The U.N. meeting in New York was another reminder that the world does not have a real plan for addressing climate change. Global governments seem to be unwilling to acknowledge the trends that will continue to impact this challenge and are reluctant to make the innovation investments that are necessary to keep pace with accumulating carbon in the atmosphere. Bill Gates gets this reality and is offering ideas to reverse it. Leaders would listen to his plan.

Ken Luongo, Partnership for Global Security

“Nuclear innovation is essential in the 21 st  century, a period of powerful technological evolution and intensifying global competition. The challenges posed by climate change and to global nuclear security must be addressed in a strong and effective manner. Advanced reactors are an important response to both of these critical issues.”
Nuclear Collaboration
The International Atomic Energy Agency (IAEA) and the Association of Southeast Asian Nations (ASEAN) have recently signed an agreement to further cooperation in areas of nuclear science, technology, and applications, as well as nuclear safety, security, and safeguards. 
Électricité de France (EDF) and Westinghouse are currently in talks to have Westinghouse develop a Small Modular Reactor (SMR). SMRs are seen as cost-effective, versatile, and suitable for export to a number of global markets.
South Korea and Saudi Arabia have recently signed a Memorandum of Understanding (MOU) on greater nuclear cooperation. Such cooperation includes joint financing of South Korea’s system-integrated modular advanced reactor (SMART) and establishing a joint nuclear power research center. 
Romanian Prime Minister Viorica Dăncilă and U.S. Secretary of Energy Rick Perry signed a MOU between the two countries on strategic nuclear energy cooperation. This agreement could come into conflict with an agreement made between Romania and China General Nuclear Power Group (CGN) earlier this year--the latter is currently on a U.S. trade blacklist.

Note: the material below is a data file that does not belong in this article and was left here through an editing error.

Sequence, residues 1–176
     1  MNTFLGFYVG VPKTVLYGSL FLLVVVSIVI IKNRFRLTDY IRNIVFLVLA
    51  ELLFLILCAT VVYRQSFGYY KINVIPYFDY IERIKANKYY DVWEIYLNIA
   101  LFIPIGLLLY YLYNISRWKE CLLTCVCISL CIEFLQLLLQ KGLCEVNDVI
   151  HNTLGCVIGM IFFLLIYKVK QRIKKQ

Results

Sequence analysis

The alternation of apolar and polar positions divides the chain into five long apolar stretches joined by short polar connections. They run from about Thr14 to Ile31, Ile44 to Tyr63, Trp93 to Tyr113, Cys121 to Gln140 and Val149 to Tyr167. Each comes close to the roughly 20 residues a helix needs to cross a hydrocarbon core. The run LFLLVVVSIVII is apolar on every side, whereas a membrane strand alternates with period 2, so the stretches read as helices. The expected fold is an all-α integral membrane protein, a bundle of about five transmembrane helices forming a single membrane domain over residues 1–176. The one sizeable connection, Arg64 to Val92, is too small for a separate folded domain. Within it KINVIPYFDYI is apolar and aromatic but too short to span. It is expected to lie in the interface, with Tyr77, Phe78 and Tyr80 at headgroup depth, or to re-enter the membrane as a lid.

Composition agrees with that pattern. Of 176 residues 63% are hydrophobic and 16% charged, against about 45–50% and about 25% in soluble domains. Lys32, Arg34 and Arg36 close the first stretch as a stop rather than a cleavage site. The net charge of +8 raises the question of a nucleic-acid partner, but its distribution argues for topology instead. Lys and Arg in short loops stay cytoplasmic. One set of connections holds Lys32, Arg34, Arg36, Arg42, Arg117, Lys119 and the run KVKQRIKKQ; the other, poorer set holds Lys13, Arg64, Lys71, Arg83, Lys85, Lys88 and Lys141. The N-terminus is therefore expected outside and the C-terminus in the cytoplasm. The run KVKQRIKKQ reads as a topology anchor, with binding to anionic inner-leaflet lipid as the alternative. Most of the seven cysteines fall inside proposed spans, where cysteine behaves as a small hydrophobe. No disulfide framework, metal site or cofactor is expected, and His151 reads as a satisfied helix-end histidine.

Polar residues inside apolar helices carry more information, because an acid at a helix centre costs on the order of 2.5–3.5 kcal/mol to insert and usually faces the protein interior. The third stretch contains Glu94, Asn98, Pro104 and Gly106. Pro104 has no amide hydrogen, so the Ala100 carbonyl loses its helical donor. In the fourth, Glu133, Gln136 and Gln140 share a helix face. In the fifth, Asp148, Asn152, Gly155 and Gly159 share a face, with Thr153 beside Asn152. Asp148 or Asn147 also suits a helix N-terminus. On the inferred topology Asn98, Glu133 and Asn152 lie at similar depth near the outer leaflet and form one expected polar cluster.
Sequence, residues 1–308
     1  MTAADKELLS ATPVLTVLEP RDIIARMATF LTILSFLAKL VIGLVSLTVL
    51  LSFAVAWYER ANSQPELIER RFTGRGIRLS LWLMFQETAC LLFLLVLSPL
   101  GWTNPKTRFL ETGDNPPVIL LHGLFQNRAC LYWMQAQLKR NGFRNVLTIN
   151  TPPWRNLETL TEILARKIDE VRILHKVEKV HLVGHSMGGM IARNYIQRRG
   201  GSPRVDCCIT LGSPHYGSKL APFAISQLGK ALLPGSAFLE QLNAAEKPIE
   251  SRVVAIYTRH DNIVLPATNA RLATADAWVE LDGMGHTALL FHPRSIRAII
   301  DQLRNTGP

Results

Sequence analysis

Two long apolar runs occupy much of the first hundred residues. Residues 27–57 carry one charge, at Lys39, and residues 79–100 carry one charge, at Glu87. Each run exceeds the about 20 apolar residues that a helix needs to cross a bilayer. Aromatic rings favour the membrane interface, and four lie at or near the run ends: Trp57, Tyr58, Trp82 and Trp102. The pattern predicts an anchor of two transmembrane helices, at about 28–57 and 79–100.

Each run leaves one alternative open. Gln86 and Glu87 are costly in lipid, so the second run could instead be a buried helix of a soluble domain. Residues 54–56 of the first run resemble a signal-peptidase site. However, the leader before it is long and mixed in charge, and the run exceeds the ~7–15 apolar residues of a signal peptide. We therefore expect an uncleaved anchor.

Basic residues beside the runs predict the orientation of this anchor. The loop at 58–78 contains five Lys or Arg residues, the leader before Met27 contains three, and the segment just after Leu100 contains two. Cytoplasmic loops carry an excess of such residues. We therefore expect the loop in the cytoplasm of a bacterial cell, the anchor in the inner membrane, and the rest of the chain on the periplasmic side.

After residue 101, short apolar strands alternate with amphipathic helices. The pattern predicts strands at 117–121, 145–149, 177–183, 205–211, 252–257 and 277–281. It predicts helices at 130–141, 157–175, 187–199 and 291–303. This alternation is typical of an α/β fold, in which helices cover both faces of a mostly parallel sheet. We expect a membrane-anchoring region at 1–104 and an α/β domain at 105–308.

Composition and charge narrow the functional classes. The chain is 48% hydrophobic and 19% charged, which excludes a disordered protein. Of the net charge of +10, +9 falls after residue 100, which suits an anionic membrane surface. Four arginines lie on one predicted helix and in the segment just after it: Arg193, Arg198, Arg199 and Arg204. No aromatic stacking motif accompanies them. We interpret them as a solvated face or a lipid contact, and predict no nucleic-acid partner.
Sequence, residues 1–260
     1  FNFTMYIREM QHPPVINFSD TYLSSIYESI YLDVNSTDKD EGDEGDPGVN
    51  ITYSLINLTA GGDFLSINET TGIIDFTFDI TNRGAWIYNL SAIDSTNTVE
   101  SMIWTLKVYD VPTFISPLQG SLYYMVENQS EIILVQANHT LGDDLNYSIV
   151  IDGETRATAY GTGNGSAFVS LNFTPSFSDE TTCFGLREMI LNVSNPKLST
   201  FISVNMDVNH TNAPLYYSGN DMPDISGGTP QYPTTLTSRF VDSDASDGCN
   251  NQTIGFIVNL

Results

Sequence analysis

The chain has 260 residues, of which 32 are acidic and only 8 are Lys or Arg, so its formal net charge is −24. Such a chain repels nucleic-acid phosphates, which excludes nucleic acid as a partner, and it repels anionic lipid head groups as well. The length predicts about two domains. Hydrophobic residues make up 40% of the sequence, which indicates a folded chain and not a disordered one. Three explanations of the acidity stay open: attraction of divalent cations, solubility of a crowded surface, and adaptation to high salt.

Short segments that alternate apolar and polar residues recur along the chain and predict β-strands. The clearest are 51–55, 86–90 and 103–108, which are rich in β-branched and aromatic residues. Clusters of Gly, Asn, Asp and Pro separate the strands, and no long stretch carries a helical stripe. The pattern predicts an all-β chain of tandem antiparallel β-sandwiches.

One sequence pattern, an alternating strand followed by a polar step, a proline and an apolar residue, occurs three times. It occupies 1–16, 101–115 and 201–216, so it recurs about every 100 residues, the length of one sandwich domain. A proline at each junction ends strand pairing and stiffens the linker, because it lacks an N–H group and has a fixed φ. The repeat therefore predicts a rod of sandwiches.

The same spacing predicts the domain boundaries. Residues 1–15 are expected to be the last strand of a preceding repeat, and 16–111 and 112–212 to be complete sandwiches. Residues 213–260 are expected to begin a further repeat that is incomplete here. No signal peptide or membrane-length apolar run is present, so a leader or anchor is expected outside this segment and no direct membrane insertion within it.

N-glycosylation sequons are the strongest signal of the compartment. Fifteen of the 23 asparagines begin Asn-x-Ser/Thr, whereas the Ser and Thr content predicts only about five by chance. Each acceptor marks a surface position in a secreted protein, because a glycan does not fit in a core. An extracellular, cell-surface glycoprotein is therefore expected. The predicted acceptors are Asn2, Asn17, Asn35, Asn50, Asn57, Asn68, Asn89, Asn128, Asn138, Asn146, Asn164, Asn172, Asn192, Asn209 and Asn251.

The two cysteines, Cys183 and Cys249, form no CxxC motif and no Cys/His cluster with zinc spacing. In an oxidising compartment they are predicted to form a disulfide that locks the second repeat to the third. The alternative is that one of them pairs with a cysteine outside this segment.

Russia and Belarus are set to put together a roadmap on nuclear energy by November 1, part of a greater plan of integration between the two countries. The draft roadmap stipulates the planned timeline, analysis of nuclear energy legislation, project collaborative measures, and spent fuel strategy.
Russia and the Dominican Republic have signed a Memorandum of Cooperation on the peaceful use of nuclear energy. Taking place at the annual IAEA General Conference, the signing represents the first time both countries have decided to collaborate in the civil nuclear sector.
Russia and Uganda have signed an Inter-Governmental Agreement in which Russia will help build up the African country’s nuclear capacity. 
The Emirates Nuclear Energy Corporation (ENEC) and the French National Radioactive Waste Management Agency have recently signed an MOU to support the United Arab Emirates’ commitment to non-proliferation, transparency, and the development of a comprehensive radioactive waste management system.    
Nuclear Policy, Governance, and Geopolitics
ROSATOM has begun training Nigerian professionals and youths on nuclear energy, aimed at boosting Nigeria’s capacity for its development. This initiative is part of a training series called “Atoms for Africa.”
The South Korean government has decided to pursue a new nuclear energy industry export policy by focusing on the full cycle of nuclear power generation rather than the construction of nuclear power plants (NPP) overseas. It has also decided to assist small and medium sized companies to access international markets, which have long been dominated by the country’s state-run nuclear power companies.